Like with every great invention or intervention, a Quality Improvement (QI) project starts with an idea or a problem that you would like to solve. If you are starting with a problem, it is important to get to the root-cause. You can be then be sure that any changes will make the difference you want to see.
Try using the ‘5 whys‘ to get to the root-cause of a problem.
Measurement and recording data is also key to getting started with a QI project. Measurement will allow you to track improvement over time and will also help identify further opportunities for improvement.
When it comes to making an improvement, it is really helpful to start with the three fundamental questions from the Model for Improvement:
1. What are we trying to accomplish?
2. How will we know if a change is an improvement?
3. What changes can we make that will result in improvement?
You can get tips on using the Model for Improvement here and there are some useful tools in our resources section.
The most important thing you can do is start!
- If you are yet to start: Have a look at some ideas
The Knowledge Service is a great place to start. ASPH have fabulous evidence specialist librarians who are able to help you find the latest and greatest in your field.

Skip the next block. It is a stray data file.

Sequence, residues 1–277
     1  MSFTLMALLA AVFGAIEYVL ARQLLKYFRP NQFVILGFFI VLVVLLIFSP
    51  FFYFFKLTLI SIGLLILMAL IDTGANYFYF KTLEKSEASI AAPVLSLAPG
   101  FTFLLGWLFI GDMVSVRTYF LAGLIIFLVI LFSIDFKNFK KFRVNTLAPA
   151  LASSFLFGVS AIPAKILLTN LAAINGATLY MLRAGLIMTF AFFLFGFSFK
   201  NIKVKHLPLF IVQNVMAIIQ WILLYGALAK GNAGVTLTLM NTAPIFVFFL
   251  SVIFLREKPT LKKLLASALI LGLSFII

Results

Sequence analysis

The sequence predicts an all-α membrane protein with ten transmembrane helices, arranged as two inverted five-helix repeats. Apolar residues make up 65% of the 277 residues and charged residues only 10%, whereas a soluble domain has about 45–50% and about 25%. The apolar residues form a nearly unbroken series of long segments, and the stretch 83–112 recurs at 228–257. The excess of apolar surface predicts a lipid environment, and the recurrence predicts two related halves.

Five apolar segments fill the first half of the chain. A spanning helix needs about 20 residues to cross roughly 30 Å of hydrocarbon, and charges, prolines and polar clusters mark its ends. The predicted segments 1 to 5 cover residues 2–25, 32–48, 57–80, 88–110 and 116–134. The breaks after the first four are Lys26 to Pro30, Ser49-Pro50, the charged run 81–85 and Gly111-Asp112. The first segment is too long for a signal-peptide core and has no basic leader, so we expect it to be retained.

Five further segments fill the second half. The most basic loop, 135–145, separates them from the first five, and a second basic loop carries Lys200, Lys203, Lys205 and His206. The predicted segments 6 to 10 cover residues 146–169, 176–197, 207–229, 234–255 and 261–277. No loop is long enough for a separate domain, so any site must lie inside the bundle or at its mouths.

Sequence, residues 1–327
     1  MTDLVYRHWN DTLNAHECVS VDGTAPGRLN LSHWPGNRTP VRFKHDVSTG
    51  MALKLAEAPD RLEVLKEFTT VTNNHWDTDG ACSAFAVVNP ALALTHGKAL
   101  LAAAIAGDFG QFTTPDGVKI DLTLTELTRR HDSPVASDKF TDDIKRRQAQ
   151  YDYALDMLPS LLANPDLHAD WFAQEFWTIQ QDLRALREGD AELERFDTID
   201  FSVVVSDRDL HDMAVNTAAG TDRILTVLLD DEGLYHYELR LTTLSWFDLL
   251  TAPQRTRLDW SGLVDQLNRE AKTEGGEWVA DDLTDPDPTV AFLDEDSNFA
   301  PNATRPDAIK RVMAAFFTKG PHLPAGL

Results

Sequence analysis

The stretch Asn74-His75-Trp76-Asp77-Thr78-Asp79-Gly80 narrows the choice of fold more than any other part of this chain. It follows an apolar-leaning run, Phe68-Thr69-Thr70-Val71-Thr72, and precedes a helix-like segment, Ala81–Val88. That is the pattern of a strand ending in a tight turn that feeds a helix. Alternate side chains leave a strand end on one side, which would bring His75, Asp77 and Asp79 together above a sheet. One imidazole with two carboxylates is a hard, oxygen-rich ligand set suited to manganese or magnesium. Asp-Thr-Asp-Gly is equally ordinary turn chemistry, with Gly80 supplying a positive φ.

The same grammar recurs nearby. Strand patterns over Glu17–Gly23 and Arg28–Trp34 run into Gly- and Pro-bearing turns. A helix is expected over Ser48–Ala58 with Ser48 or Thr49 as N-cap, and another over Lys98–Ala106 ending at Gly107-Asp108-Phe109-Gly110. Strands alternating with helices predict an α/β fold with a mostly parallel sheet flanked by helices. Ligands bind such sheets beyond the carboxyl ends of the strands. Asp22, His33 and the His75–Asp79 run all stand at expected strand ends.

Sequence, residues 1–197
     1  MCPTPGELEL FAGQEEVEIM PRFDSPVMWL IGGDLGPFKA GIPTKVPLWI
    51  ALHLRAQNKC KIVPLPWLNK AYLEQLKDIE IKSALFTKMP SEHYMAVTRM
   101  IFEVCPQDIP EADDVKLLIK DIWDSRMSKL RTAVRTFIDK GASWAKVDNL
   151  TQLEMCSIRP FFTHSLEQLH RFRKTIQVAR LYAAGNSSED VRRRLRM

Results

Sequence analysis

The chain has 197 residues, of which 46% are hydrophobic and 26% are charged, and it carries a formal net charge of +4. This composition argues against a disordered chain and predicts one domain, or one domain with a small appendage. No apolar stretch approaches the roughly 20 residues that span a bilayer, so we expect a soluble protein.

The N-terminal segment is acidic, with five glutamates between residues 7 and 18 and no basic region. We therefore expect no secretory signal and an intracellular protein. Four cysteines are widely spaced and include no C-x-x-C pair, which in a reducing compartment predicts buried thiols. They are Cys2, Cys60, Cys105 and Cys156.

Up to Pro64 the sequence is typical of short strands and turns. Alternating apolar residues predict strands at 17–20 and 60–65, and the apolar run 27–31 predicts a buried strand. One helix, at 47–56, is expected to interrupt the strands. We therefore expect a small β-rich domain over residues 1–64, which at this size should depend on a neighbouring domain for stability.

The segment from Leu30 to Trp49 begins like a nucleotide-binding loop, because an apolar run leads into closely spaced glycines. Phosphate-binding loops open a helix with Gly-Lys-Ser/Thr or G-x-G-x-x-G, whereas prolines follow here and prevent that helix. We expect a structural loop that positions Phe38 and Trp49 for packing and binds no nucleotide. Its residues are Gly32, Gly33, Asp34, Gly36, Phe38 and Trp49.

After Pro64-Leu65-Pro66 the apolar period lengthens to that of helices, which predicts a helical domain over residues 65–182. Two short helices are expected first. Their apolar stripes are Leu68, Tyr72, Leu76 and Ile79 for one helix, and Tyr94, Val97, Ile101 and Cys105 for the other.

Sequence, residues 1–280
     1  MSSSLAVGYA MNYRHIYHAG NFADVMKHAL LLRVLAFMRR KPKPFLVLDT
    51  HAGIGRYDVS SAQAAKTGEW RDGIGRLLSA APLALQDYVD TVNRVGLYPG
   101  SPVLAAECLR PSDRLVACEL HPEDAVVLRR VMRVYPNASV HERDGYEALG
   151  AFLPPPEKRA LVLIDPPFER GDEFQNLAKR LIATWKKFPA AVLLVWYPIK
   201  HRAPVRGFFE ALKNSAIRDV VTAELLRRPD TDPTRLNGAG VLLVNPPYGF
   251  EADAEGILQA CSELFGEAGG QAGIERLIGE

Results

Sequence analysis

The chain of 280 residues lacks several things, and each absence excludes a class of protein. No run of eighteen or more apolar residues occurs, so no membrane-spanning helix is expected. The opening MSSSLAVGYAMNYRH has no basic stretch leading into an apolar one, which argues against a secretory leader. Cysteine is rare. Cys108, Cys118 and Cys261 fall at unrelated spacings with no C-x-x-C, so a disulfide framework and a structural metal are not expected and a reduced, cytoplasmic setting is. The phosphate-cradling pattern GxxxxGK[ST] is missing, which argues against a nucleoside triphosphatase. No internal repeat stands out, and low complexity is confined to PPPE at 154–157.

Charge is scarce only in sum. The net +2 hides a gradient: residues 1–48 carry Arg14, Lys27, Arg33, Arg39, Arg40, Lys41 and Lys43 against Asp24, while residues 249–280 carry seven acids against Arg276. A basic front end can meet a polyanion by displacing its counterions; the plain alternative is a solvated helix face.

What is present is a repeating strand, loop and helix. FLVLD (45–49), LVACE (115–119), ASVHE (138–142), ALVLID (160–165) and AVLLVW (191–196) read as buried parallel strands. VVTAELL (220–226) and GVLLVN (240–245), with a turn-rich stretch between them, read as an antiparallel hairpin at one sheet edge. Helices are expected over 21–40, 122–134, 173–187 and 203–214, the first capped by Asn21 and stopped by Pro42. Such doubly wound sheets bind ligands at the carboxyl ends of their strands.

- If you are looking to start your QI project: Register it with Be the Change.
We will be able to guide and help you in how to conduct your project – We are a friendly bunch! It will also allow us to update our repository of QI projects, so like-minded change champions can contact each other.
- If you have completed your QI project: Why not submit it to the Knowledge Hub?
The Knowledge Hub is where everyone in the Trust can share the work and learning they have produced through research.
” If you have a good idea and you can persuade one or two colleagues to be supportive then go for it!
Not every great idea will turn out to be the next revolutionary step in healthcare delivery and some may fail even before they start but it’s the learning and confidence we get from trying that’s so very important.
So why not start something just in case it’s a success, rather than not starting in case it fails, you never know where it will take you.”
Suzanne Rankin, Chief Executive of Ashford and St Peter’s NHS Foundation Trust